This is graphically illustrated by the fact that PvP protection has fallen from 50% in the 2013 survey to 40% by 2019.

This has all lead to some changes for the 2022 Triennial Survey which will include collecting data on FX settlement. In addition, those local Foreign Exchange Committees conducting regular FX turnover surveys will also begin to collect FX settlement data from 2022. This will define the debate and as night follows day it is sure to lead to calls for these risks to be reduced or eliminated, thus continuing a constant refrain from Central banks and Regulators. So could the w in CBDC be the answer? A wholesale CBDC (wCBDC) that would allow cross border payments, that currently go through a correspondent banking model, to be replaced with a more atomic solution? Certainly cross border payments have not kept pace with domestic payments system innovations which have moved inexorably to faster or instant payment processing.

So away from the rCBDC “glory” solutions that attract so much press and political debate a true back to basics solution is quietly but surely developing. This is typified by Project Jura which is certainly worth a close look at for those involved in the OTC Wholesale Markets. It, for me, summarises where we are headed as we look to make markets safer. The BIS Innovation Hub summarises Project Jura and is certainly worthy of the last word on this exciting new initiative. Before we get to that do look out for our further examination of this subject including the differing protocols competing for use in the design of CBDC be it r, m or w! For now though -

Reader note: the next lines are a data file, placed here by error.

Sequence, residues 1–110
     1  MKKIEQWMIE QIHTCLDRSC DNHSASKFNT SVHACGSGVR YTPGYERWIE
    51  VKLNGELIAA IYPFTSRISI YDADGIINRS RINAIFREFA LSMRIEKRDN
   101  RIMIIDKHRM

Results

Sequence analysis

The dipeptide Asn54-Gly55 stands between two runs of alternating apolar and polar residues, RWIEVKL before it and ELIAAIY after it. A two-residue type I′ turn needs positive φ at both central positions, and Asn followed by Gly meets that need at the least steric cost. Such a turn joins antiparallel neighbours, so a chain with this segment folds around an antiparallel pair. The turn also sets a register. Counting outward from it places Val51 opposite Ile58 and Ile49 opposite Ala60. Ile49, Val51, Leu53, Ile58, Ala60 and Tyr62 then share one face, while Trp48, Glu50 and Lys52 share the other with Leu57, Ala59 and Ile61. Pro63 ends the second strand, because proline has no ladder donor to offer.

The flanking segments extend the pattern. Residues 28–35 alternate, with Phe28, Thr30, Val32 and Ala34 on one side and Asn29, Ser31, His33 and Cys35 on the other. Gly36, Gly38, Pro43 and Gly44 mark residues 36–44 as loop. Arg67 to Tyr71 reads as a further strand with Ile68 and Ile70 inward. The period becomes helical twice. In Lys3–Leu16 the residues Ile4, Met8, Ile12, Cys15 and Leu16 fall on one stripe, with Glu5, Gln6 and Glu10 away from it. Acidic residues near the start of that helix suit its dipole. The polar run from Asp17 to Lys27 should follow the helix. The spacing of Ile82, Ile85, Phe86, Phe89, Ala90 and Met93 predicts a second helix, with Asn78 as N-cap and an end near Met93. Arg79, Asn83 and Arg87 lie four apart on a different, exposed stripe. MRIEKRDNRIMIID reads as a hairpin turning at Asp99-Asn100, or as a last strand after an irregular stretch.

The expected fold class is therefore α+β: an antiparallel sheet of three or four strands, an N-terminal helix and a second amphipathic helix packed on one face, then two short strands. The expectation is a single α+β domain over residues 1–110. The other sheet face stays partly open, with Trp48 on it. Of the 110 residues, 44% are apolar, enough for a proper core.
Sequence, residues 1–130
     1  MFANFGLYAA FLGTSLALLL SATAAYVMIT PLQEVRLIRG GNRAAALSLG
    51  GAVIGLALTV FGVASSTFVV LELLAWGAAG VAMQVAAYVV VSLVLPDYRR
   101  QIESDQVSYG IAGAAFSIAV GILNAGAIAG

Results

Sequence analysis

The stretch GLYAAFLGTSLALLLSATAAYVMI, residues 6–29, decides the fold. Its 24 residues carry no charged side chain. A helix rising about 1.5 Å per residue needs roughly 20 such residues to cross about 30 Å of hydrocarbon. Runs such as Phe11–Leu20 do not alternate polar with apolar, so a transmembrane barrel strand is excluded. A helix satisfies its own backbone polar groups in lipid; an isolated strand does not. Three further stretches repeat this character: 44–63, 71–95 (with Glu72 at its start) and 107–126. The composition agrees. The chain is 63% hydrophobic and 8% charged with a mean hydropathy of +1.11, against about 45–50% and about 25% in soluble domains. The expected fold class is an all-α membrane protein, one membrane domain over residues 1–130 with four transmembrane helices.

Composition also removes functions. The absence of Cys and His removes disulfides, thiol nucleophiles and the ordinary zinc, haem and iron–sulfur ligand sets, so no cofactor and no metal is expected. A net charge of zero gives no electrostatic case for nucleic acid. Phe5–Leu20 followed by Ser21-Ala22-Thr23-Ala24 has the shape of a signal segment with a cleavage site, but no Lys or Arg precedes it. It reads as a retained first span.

Jura explores the direct transfer of euro and Swiss franc wholesale central bank digital currencies (wCBDCs) between French and Swiss commercial banks on a single DLT platform operated by a third party. Tokenised asset and foreign exchange trades are settled safely and efficiently using payment versus payment (PvP) and delivery versus payment (DvP) mechanisms. 

The experiment is conducted in a near-real setting, using real-value transactions and complying with current regulatory requirements. It is a public-private collaboration involving the Banque de France, the BIS Innovation Hub Swiss Centre, the Swiss National Bank and a private sector consortium. 

Issuing wCBDC on a third-party platform and giving non-resident financial institutions direct access to central bank money raises intricate policy issues. Jura explores a new approach including subnetworks and dual-notary signing, which may give central banks comfort to issue wCBDC on a third-party platform and to provide non-resident financial institutions with access to wCBDC. 

The project complements the ongoing G20 work on cross-border payments. The proposed solution design not only addresses existing deficiencies but could also open up new approaches to conducting international financial transactions, including foreign exchange, securities and other financial instruments.”